Illinois Prohibits Employers from Requiring Employees to Provide Social Networking Passwords
By Andrew Crocker – Edited by Michael Hoven
H.B. 3782, 97th Gen. Assemb. (Ill. 2012)
On August 1, Illinois Governor Pat Quinn signed H.B. 3782, which amends Illinois’ Right to Privacy in the Workplace law to prohibit employers from “request[ing] or requir[ing] any employee or prospective employee to provide any password or other related account information in order to gain access to the employee's or prospective employee's account or profile on a social networking website or to demand access in any manner to an employee's or prospective employee's account or profile on a social networking website.” H.B. 3782, 97th Gen. Assemb. (Ill. 2012) (to be codified at 820 Ill. Comp. Stat 55/10(b)(1)). Illinois is the second state to enact such a provision, following Maryland’s passage of a similar bill in April, according to the ACLU.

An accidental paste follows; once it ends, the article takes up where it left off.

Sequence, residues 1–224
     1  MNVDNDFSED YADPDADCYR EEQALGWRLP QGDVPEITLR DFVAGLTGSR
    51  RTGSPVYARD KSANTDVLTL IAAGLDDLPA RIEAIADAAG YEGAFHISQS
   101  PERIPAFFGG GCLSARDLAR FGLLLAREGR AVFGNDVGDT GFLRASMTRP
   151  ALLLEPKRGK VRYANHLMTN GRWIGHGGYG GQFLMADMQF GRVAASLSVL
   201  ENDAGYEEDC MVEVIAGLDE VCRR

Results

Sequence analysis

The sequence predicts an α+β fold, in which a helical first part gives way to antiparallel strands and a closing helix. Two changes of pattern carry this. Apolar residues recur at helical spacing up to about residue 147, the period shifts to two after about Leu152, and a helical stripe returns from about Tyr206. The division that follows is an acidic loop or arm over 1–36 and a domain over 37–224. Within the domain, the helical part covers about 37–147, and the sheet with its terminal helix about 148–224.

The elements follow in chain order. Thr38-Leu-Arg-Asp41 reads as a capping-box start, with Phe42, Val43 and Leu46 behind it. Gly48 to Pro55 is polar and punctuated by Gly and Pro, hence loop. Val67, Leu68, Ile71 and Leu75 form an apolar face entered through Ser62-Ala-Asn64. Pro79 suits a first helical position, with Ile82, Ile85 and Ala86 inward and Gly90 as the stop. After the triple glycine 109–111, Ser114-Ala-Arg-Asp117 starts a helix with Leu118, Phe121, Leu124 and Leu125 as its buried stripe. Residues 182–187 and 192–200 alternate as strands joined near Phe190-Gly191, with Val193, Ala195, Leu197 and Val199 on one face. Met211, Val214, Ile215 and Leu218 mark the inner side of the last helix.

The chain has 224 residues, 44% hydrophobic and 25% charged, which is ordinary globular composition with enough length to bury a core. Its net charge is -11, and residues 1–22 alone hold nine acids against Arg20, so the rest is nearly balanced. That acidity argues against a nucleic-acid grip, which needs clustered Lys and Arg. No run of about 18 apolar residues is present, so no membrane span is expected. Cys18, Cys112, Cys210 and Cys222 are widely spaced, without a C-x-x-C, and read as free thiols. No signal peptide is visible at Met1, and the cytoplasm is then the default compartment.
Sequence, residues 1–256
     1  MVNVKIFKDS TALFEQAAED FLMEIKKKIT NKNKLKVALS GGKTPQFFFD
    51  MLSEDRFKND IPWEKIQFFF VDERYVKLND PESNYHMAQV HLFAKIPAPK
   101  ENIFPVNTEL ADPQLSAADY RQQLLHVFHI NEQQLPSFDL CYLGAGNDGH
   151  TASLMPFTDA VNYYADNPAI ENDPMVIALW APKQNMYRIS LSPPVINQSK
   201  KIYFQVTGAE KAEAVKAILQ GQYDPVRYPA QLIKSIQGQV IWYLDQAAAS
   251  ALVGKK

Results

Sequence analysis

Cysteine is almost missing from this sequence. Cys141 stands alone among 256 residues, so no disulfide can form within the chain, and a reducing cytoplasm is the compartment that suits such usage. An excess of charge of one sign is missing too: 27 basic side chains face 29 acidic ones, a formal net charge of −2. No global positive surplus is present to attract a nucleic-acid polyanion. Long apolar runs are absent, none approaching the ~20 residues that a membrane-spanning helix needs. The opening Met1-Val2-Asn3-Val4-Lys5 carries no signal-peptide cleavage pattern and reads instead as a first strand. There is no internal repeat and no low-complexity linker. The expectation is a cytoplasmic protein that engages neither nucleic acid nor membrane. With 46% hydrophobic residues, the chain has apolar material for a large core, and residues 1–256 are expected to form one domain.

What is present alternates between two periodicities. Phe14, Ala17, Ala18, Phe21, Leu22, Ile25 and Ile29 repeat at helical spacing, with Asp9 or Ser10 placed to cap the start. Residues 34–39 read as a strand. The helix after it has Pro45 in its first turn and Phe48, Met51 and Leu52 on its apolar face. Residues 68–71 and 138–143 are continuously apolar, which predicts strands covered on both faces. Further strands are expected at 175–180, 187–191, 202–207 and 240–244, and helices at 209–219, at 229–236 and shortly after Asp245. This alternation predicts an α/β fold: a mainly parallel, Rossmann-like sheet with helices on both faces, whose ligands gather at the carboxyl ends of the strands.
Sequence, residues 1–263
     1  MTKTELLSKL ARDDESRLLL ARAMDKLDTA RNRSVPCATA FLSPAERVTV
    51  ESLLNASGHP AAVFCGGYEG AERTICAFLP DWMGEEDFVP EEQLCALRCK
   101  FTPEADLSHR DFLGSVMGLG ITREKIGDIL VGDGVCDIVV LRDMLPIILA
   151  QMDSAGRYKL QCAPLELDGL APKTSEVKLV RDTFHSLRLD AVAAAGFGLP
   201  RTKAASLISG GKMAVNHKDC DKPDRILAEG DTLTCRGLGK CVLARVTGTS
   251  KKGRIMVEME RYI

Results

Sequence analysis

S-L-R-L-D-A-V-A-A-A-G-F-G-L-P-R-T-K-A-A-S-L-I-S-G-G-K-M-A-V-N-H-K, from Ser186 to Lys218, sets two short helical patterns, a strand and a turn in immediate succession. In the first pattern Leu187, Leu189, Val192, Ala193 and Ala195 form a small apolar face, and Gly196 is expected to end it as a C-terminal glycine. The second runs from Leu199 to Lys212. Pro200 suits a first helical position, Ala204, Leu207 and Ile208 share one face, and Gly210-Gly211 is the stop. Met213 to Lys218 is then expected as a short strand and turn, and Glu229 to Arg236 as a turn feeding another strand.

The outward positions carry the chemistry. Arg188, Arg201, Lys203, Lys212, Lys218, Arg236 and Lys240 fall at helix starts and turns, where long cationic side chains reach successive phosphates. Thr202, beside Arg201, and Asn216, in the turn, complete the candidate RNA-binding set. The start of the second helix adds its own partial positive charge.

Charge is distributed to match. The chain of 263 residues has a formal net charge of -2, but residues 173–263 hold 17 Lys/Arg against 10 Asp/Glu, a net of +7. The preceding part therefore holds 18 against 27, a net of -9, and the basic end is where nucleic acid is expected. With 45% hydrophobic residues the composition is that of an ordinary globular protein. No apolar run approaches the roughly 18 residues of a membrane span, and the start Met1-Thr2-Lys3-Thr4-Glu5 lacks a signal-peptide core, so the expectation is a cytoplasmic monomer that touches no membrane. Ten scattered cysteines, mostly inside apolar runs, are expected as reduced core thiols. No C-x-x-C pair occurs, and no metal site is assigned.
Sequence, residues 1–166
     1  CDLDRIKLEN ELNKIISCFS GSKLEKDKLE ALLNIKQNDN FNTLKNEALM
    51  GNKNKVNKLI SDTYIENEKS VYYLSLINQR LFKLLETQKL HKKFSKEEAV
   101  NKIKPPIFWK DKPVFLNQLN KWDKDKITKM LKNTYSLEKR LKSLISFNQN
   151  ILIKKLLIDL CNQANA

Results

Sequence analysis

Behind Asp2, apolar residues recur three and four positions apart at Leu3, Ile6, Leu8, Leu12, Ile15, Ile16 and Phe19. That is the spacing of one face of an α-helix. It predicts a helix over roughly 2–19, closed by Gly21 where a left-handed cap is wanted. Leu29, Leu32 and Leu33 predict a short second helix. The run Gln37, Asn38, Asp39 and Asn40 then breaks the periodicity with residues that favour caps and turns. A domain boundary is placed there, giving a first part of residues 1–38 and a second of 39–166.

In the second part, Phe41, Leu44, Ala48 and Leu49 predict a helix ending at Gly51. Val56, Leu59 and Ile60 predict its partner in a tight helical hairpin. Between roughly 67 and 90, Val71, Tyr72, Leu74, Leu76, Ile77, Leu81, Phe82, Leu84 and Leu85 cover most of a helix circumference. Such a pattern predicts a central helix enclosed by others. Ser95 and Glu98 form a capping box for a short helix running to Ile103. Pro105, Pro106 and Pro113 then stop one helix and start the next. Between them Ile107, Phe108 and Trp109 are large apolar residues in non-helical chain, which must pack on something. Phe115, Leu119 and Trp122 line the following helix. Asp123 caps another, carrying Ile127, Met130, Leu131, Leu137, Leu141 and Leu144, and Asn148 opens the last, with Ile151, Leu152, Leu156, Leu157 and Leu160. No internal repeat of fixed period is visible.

The governor’s office issued a press release that describes the legislature’s intent in passing the bill.
According to Governor Quinn’s statements at a signing ceremony, the bill reacts to the expanding use of social media and many employers’ practices of requiring current or prospective employees to allow their profiles to be inspected, including private information and photos. The Huffington Post notes that although the prohibition on these practices is absolute, the bill does not keep employers from obtaining information from employees’ publicly accessible profiles, nor does it stop them from banning the use of social networking sites at work entirely.
Finally, the Illinois bill does not limit an employer’s right to “monitor usage of the employer's electronic equipment and the employer's electronic mail without requesting or requiring any employee or prospective employee to provide any password.” H.B. 3782, 97th Gen. Assemb. (Ill. 2012) (to be codified at 820 Ill. Comp. Stat 55/10(b)(2)(B)). It is unclear whether an employer’s use of a keylogger, which could obtain an employee’s password without “requesting or requiring” the employee to provide it, would be prohibited. As previously described in a Digest student comment, employers’ use of keylogger programs is expanding, and may not be illegal under federal and state anti-wiretapping statutes.
Andrew Crocker is a 3L at Harvard Law School who would never use Facebook at work.